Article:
This gecko rips off its own skin to escape predators
If you tried to grab a Geckolepis megolepis gecko, it would likely slip from your hand — leaving only its scales in your grasp.
Geckolepis megolepis is the newest and largest-known member of the world’s fish-scaled geckos, according to a formal description published Tuesday in PeerJ. Like other lizards or salamanders, these geckos can drop their tails after being caught by predators, but they can also escape capture thanks to break-away skin.
“It is remarkably easy” for the scales to become dislodged, said herpetologist Mark Scherz, who led the study at Zoologische Staatssammlung, München in Germany. “It is hard to catch these geckos without some scales coming off,” he added.
Scherz and his colleagues learned that firsthand when they started studying the lizards in their native home of Madagascar, where the other four species of Geckolepis reside. Even though the researchers tried a passive trapping technique of luring the geckos into bags, most ended up losing a few of their scales.
All Geckolepis geckos have tear-away skin, as do a handful of other gecko species. The animals lose their scales as a defense mechanism.
“A predator grabs them, they spin, ripping their own skin off,” Villanova University herpetologist Aaron Bauer, who was not involved in the study, said. “Then this little naked pink gecko runs away while the predator is left chewing on these fishlike scales.”
They’re left naked, but alive. The scales take two to three weeks to grow back, Scherz said. However, scientists don’t completely understand how the process of regeneration occurs. In the meantime, the geckos are soft, slimy and vulnerable. Scherz said that the animals might find a dark, damp place to hide until their scales grow back.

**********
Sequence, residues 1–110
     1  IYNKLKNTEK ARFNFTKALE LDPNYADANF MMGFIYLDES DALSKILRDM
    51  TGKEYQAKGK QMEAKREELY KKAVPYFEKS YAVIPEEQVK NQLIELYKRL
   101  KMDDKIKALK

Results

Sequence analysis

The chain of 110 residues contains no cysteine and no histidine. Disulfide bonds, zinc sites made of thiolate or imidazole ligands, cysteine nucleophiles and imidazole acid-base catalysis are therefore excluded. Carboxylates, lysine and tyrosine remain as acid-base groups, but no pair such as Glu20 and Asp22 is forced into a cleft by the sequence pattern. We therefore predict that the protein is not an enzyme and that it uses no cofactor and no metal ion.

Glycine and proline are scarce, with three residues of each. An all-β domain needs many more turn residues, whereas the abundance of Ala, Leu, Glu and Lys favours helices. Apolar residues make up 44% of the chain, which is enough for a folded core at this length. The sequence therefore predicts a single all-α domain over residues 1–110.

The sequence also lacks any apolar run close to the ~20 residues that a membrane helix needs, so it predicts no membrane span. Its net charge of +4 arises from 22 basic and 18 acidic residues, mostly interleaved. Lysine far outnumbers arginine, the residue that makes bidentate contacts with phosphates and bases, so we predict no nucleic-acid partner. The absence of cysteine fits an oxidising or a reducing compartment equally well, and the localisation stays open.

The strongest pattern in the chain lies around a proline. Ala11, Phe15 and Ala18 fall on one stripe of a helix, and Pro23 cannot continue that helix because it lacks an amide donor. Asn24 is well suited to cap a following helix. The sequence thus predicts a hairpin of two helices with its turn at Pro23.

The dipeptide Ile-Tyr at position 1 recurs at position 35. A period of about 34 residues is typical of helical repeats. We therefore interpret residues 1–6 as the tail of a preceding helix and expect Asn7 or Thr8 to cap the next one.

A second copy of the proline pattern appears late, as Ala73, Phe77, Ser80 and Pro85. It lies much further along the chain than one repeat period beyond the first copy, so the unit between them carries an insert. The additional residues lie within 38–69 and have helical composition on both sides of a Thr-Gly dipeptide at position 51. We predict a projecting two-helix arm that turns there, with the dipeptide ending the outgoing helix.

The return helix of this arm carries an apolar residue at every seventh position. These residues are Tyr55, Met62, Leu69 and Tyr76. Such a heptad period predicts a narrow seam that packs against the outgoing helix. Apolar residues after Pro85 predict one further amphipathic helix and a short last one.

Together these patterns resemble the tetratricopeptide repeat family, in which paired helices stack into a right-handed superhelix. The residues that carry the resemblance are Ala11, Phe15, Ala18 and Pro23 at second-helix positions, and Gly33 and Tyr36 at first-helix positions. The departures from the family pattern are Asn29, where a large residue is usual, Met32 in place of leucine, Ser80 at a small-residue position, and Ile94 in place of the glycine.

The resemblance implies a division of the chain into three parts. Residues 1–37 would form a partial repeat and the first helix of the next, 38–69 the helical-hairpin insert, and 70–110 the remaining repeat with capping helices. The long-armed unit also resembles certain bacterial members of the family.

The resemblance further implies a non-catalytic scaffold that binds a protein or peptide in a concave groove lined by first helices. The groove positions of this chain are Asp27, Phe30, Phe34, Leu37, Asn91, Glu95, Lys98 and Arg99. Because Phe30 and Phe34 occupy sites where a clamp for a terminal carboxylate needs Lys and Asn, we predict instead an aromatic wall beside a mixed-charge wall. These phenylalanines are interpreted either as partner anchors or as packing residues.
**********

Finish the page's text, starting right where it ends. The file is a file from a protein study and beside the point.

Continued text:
The maneuver is also costly because of the calories and energy burned to constantly shed and regrow body parts like scales and skin. Most geckos have velvety skin made of tiny scales. But G. megolepis has larger scales than any other gecko species, both in terms of absolute size and relative to body size.
“But even if that cost is high, it’s still not as high as being eaten,” Scherz said. “It’s a good strategy to escape.”
Madagascar is home to a wide variety of geckos, from leaf-tailed geckos and fish-scaled geckos to several tiny species. However, it is becoming increasingly difficult to catalog these animals in the face of habitat destruction in Madagascar.
“In a way this is sort of a continuation of this trend,” Bauer said. “We find more and more interesting species there — at the same time as there’s less and less habitat.”